COVID-19: Do You Need to Follow Child Custody Orders?

COVID-19 has impacted all of our family lives in one way or another. Social distancing and stay-at-home orders bring all kinds of challenges for parents with child custody arrangements.

We’ve received other questions too. What about co-parenting arrangements with no court order? What happens to couples in Connecticut going through a separation? Or a divorce?

These are complicated questions and the answers depend on the family’s circumstances. But let’s clear up some of the confusion…

Child Custody Arrangements During a Pandemic

Here in Connecticut, many courthouses closed their doors in March or April, leaving custody matters unresolved for thousands of parents. (Months later, many child custody hearings are still delayed.)

One of the biggest difficulties right now is social distancing. We often hear from a parent with concerns about the health and safety of a child who spends time with the other parent. Being involved in a custody battle further complicates a situation like this.

To make matters worse, there’s no legal precedent about child custody during a pandemic. In March, emergency stay-at-home orders issued by the Governor of Connecticut didn’t mention child custody at all, leaving parents to make decisions about custody, visitation, and co-parenting themselves.

Why Parents Should Communicate Right Now

The American Academy of Matrimonial Lawyers, an organization that specializes in divorce and child custody law, encourages all parents to follow court orders and respect state and local social distancing rules. For parents in parts of the country with strict COVID-19 restrictions, this might sound like a contradiction, but it’s important to use common sense. Parents should communicate about custody arrangements during this time. If this isn’t possible, an experienced child custody attorney can provide guidance.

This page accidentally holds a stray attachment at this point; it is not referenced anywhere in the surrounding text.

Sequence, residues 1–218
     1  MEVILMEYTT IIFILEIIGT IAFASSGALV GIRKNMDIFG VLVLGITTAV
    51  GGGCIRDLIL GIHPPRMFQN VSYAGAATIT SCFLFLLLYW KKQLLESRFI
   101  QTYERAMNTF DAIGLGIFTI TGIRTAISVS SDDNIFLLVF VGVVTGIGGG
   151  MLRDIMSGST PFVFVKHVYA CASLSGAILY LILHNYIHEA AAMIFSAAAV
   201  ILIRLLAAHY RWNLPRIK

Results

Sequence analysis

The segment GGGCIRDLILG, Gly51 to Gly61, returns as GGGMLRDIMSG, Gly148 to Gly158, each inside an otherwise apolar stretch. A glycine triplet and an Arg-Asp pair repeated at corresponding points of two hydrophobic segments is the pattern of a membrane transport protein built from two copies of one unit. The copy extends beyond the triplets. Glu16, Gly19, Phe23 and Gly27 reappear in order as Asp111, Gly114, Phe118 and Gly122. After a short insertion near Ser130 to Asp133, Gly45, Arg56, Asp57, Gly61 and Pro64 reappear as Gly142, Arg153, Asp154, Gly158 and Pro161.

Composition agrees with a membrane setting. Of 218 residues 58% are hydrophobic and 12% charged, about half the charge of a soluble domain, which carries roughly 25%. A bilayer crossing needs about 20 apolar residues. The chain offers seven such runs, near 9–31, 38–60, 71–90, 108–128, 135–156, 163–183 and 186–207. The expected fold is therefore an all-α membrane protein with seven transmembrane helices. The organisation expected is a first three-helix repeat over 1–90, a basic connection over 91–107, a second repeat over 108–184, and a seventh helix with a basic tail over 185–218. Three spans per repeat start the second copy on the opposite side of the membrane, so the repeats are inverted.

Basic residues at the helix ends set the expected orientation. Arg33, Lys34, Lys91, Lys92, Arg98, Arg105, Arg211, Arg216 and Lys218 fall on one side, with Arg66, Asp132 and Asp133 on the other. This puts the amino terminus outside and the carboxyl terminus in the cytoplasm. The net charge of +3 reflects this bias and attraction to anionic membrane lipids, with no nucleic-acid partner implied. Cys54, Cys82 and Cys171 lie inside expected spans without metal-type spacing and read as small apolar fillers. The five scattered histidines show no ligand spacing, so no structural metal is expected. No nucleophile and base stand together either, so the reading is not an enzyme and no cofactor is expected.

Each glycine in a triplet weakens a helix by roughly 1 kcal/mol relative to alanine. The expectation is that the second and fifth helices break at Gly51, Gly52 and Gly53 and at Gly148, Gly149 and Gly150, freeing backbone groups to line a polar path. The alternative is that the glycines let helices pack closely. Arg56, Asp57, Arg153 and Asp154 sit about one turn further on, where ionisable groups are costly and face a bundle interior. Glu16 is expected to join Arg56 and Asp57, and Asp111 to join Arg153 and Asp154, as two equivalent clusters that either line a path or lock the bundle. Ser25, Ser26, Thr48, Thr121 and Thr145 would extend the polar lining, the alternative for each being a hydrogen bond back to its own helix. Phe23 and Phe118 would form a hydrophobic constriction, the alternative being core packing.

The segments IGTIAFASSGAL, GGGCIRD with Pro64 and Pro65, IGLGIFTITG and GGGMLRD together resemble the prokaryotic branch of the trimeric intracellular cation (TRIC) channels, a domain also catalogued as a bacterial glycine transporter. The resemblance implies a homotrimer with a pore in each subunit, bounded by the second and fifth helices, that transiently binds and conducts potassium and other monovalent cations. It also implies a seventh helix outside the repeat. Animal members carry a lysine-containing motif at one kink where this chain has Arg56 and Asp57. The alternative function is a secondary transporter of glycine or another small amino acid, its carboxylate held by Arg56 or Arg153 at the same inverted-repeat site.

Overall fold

Common sense is important. A parent who refuses to follow a court order, even at this unusual time, might have to explain themselves to a judge at a later date. Pandemic or no pandemic, there are always legal repercussions for refusing to follow an order.

Parents who are going through a separation or divorce, even those without a child custody order, should try to resolve this issue between them. Many courts are still dealing with emergency matters, and it could be months before caseloads return to normal. A third party can provide objective advice on how to deal with the often-complicated matters associated with custody.

Why You Should Use a Connecticut Child Custody Attorney

Rochlin Law Group is an award-winning Connecticut divorce and child custody law firm that resolves many of the family conflicts that come with the pandemic. Whether you are going through a separation/divorce or experiencing problems with custody arrangements, Rochlin Law provides you with a helping hand at this difficult time.

For more information about child custody and divorce, check out our blog. If you need to speak to a reputable child custody attorney in Connecticut right away, call (860) 357-9158 or contact us here

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